Furman’s current approach to controlling COVID on campus is decidedly laxer than the days of the “Paladin Promise.” Now, based on current guidelines, COVID is only transmitted in academic buildings and will thankfully leave the PAC by 4 p.m. each day. Although I strain to understand the rationale behind Furman’s inconsistent COVID rules, they afford us a refreshing sense of social freedom and have not yet contributed to major outbreaks. However, they are clearly not strong enough to prevent groups of students from being sent home each month.

My group of friends, myself included, can attest to this. After feeling feverish and receiving positive tests, several of us packed our bags and left for home. But it wasn’t until we emailed our professors for accommodations that we were given a rude awakening: almost none of them would be allowing us to zoom into class for the next two weeks.


There seemed to be no excuse beyond the fact that it was simply “not possible.” Obviously, it would pose a minor inconvenience to come to class a little early to set up zoom and share a screen on occasion. But it quickly became clear that the professors that cared were doing far more work than that to keep us up to date while we were absent. Throughout my quarantine, my inbox flooded with email summaries of class sessions and invitations to Box folders—a solution that created more work for professors while confusing and disorienting me.

Sometimes, however, these alternative accommodations were not even provided, leaving some students to have to gather notes from friends and inquire, “What did we do in class today?” According to an anonymous member of the sophomore class, “One of my professors gave barely any resources. It was truly as though I wasn’t in class.” I had a class in which I was penalized for having to quarantine and not allowed to make up certain work. Consequently, students in quarantine find themselves unfairly behind and without crucial understandings for success in their classes.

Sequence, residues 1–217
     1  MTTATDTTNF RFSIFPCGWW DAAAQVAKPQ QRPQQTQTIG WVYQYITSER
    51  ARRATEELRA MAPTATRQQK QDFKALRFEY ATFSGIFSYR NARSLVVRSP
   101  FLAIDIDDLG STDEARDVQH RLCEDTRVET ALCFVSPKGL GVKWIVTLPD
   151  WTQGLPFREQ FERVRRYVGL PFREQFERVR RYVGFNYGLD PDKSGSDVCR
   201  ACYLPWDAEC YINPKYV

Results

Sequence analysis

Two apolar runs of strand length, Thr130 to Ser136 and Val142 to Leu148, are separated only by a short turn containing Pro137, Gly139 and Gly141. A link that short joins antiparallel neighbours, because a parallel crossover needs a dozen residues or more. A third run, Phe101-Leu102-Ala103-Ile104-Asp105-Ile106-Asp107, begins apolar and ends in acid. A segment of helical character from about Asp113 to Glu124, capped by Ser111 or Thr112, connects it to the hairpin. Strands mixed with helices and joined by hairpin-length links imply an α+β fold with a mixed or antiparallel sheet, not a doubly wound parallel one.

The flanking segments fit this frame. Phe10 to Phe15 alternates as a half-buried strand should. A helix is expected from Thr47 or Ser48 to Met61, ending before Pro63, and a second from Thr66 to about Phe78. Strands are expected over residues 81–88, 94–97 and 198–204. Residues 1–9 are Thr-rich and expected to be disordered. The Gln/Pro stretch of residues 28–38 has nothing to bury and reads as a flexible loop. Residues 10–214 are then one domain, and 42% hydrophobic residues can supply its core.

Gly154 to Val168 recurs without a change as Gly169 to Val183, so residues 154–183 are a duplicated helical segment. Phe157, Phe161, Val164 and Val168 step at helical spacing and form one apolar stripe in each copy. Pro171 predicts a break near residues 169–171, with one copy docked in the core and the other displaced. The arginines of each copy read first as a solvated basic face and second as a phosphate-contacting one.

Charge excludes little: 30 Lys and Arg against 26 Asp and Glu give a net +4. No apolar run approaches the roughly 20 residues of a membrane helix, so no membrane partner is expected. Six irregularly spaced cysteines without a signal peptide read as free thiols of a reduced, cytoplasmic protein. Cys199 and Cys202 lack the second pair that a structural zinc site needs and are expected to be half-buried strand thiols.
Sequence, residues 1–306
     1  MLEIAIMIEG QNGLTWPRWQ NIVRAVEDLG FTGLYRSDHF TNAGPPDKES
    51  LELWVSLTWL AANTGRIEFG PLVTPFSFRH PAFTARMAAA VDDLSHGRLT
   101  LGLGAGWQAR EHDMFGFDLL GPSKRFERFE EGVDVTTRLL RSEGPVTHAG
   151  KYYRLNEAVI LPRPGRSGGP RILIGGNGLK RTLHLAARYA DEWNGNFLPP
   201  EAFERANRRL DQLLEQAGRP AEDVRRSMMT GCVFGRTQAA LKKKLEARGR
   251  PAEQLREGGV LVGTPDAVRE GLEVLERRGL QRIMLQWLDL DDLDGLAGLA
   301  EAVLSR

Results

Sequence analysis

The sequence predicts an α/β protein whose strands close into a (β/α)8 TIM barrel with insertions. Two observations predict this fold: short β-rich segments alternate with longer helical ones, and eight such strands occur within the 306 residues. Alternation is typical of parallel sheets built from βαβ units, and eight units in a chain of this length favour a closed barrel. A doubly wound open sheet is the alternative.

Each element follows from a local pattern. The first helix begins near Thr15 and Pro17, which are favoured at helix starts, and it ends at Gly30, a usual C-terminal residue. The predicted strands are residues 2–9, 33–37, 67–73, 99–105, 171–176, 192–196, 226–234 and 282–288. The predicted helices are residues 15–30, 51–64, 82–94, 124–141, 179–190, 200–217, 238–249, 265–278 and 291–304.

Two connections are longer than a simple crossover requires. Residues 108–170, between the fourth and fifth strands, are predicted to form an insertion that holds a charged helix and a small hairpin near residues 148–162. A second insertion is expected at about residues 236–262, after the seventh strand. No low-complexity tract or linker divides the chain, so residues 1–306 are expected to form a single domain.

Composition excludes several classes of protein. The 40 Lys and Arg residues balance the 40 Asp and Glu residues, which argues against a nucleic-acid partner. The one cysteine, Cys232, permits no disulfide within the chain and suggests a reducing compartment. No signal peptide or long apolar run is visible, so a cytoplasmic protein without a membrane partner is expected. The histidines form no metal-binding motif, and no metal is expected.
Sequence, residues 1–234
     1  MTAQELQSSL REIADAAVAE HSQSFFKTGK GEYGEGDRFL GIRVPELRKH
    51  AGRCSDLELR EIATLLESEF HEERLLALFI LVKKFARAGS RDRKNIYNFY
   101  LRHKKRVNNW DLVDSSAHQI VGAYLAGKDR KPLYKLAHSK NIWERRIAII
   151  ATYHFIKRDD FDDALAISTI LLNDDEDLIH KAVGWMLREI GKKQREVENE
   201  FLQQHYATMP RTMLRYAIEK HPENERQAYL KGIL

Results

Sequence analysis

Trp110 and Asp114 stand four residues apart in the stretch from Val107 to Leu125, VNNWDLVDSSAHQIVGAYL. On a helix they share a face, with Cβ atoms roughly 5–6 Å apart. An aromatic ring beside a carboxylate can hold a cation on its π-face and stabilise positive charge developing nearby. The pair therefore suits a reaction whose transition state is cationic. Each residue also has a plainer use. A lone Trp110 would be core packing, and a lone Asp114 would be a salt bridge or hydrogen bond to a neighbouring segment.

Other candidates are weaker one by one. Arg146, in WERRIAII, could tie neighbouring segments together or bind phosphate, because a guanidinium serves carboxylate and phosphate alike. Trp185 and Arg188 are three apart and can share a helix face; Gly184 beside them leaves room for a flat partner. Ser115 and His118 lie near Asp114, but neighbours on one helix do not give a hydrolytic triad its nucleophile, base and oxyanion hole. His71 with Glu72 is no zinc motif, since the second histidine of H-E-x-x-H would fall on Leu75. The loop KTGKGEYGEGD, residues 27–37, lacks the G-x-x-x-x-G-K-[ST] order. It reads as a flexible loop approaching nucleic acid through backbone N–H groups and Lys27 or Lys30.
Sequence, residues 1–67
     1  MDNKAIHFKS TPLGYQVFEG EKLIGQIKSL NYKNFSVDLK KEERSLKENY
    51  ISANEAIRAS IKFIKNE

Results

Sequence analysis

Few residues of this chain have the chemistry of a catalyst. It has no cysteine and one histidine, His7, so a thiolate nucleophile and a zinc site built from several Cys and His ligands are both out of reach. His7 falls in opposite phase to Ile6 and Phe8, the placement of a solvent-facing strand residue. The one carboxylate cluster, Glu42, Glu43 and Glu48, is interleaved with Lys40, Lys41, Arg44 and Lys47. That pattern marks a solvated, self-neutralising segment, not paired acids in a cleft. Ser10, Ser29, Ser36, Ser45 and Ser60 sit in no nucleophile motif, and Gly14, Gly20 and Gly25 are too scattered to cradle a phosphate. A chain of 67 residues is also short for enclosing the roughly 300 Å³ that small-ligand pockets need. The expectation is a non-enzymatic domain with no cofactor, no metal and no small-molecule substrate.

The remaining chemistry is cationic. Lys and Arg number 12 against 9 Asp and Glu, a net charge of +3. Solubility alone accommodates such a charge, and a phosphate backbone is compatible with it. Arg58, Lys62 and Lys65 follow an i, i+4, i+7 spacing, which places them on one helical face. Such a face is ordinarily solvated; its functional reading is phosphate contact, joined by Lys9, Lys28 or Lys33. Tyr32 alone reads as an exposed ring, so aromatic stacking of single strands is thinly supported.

I understand the hesitancy from professors to use Zoom this year. Last year, it became an excuse to skip or not be as engaged in class, preventing students from managing their time well and investing in their academics. But at the same time, it allowed students in quarantine to maintain a semblance of normalcy while remaining caught up on their work. I believe professors can maintain a firm policy of not allowing Zoom as a cop-out for class while still offering it to students who have proven they are positive for COVID-19. Otherwise, to what will all our Zoom infrastructure and knowledge from the last year go?

Without Zoom, our quarantine began to feel more like a prison sentence. With little structure to our day and no places to go, we were stuck in solitude with the knowledge that we were forfeiting school days while idly and unproductively waiting to return. And if not that, we were scouring through emails, box folders, and friends’ notes to recreate the classroom experience for ourselves.

Even though I returned from quarantine two weeks ago, my semester is still profoundly affected by the time I largely wasted at home. I have missed out on foundational knowledge of most of my courses, only portions of which I’ve been able to recover. In acknowledging that this virus still exists and affects the Furman population, we should have Zoom locked and loaded to prevent experiences similar to mine.